In headier days, Europe’s leaders dreamed of a multicultural continent, its aging cities saved by millions of new migrants eager to join a stable, prosperous urbanity.
That dream has faded, with Europeans now opposing new migrationby wide margins.
In 2016,Pew Research foundthat 59 percent of Europeans thought that immigrants imposed a burden on their countries. In addition, less than a third believe immigration has improved their countries, with 63 percent of Greeks and 53 percent of Italians, respectively, stating that immigrants have made things worse in their economically challenged countries.
The absence of social cohesion has created cultural tension—discrimination against nonwhite applicants, notesone recent study, is far worse in France or Sweden than in the “racist” U.S.
For most of the past half century, European cities were remarkably crime-free, but in today’s immigrant hubs—notably in Germany and Sweden—crime rateshave jumped dramatically in recent years.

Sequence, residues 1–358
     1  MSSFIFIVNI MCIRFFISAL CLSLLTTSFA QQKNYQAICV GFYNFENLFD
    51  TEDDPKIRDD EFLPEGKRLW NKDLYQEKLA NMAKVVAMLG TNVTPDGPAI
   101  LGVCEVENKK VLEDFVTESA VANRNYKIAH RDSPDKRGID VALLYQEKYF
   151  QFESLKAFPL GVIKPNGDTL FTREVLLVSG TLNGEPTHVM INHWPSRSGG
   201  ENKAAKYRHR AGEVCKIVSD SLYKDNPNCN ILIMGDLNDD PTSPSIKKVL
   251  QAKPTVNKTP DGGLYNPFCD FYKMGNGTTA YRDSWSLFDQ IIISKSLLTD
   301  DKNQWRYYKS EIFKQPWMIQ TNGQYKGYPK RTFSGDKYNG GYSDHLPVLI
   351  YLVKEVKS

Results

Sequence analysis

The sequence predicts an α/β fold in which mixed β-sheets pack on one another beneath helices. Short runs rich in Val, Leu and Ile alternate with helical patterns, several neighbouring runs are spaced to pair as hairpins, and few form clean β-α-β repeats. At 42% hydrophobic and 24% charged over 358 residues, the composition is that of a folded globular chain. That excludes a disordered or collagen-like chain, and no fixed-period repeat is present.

Though the liberal Austrian government saw little connection between immigration and crime, a2016 reportby the country’s new rightist government claimed that, out of the 500,000 crimes in Austria that year, 40 percent were committed by “foreigners.”
Cultural differences mainly drive the conflict between native Europeans and the new arrivals.
Despite the much smaller Jewish footprint, anti-Semitism in Europe is intensifying.
Violence against Jews, moreover, is worst not in right-wing hotbeds but in places like the migrant-dominated suburbs of Paris and Sweden’sMalmo.
Meantime, most European countries—even with current rates of immigration—are looking at a future of shrinking and rapidly aging populations.
Europe’s cities, even with the infusion of migrants, have grown only slowly, athalf the U.S. rate, and will soon begin to shrink. Germany, Sweden, the Netherlands, Italy, and most of eastern Europe also must contend withdeclining demographics, with populationsaging far fasterthan the U.S. This will result, over the decades ahead, inmore severe fiscal pressuresas the workforce declines and the numbers of elderly soar.